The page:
Your mouth is the entrance to the rest of your body
Whether you are speaking to your Primary Care Physician, an Internist, Internal Medicine Doctor or Specialist, they all agree —
“The health practitioner you should see the most of in your life if you’re healthy is your dentist”
The old thought was “they’re just teeth- pull them, is no big deal”. But the mouth is the entry point to your entire body. Anything going on in your mouth can have an affect on your other organs. In fact, neglecting the health of your teeth and gums – which can lead to gum disease – has been linked to numerous health issues including:
- Heart Disease
- Lung Disease
- Kidney Disease
- Developing Dementia
- Periodontal Disease
- Infertility / Miscarriages
If you pull a tooth- you’ll also need to replace that site with a dental implant, bridge or some other restoration that could possibly get an infection STILL. Dr. Angart is an experienced dentist and can help you with any dental issue that you may be having.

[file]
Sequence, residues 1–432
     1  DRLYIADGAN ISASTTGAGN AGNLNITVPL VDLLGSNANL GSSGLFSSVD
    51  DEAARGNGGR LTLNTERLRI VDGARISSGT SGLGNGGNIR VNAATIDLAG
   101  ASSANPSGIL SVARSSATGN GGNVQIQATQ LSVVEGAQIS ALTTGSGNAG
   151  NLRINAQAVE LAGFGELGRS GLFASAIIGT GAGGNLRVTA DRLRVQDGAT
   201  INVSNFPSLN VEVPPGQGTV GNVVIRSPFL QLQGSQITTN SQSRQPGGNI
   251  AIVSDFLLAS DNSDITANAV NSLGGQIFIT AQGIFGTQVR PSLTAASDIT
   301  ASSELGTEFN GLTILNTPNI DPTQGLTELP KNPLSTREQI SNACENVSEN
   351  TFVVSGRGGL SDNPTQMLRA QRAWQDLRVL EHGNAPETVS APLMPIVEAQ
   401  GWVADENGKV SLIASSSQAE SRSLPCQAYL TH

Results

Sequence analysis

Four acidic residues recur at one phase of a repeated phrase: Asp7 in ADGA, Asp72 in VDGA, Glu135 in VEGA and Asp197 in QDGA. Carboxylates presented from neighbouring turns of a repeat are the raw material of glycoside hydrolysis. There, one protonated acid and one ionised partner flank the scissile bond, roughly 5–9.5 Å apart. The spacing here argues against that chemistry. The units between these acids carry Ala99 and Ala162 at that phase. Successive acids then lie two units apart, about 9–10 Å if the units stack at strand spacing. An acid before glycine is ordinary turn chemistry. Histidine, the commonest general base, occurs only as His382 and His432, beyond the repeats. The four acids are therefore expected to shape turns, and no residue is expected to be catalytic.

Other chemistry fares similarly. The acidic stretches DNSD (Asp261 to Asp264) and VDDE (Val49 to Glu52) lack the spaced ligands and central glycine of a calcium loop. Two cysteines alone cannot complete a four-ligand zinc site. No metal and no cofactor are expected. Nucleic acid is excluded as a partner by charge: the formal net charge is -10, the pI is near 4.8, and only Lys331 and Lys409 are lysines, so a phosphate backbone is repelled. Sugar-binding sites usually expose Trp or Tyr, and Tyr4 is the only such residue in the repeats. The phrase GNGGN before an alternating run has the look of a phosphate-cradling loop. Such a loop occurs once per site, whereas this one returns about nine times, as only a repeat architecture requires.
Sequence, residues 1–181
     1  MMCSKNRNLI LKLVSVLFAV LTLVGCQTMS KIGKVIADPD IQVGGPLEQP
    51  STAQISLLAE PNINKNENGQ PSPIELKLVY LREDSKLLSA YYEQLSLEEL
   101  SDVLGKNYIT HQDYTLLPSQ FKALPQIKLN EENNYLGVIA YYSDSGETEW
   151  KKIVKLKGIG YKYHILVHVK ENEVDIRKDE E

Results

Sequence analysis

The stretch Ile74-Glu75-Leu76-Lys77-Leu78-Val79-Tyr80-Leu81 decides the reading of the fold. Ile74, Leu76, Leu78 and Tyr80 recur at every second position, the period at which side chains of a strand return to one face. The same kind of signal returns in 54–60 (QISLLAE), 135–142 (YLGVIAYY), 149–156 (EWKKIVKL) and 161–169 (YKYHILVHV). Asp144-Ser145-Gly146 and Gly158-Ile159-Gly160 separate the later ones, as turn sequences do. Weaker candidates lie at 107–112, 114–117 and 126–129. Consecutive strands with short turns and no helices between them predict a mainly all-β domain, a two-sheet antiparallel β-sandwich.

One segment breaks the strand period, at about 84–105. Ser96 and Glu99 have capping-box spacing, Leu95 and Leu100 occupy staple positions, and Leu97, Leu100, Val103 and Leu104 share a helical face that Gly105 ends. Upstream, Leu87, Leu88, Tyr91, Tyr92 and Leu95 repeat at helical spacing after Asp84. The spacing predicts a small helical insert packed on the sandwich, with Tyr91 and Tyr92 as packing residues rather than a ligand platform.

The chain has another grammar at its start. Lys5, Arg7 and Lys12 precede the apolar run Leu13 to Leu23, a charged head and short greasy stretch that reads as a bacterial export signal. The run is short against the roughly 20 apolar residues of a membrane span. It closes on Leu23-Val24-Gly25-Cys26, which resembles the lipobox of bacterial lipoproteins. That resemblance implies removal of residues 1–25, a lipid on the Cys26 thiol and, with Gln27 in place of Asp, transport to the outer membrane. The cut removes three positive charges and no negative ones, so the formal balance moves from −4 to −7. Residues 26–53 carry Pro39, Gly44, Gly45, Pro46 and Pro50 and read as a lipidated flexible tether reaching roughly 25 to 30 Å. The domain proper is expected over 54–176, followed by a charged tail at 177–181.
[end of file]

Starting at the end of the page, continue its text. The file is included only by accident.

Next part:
A 2011 study by European Society of Human Reproduction and Embryology equates the negative effects of gum disease on conception to that of obesity.
Females and Gingivitis
Hormones can play a big role for many women when it comes to gum inflammation and gingivitis. This makes women more susceptible to gum disease during:
- monthly periods
Makes it sound great to be a woman huh? The good news is that most dental problems like inflammation can be reduced by proper oral hygiene of brushing and flossing.
- How often should you see a dentist? Frequency should be tailored to your needs. For healthy adults, every 6 months should be adequate, while those at higher risk for gum disease should be seen more often. Call us at 614-775-0840 or contact us using our “Contact Us” Page at the top.
- Why do my gums bleed despite brushing and flossing every day? It is not only how many times per day that you brush and floss that is the key to preventing gum problems. Equally important is how effectively your technique is when you are doing your home care.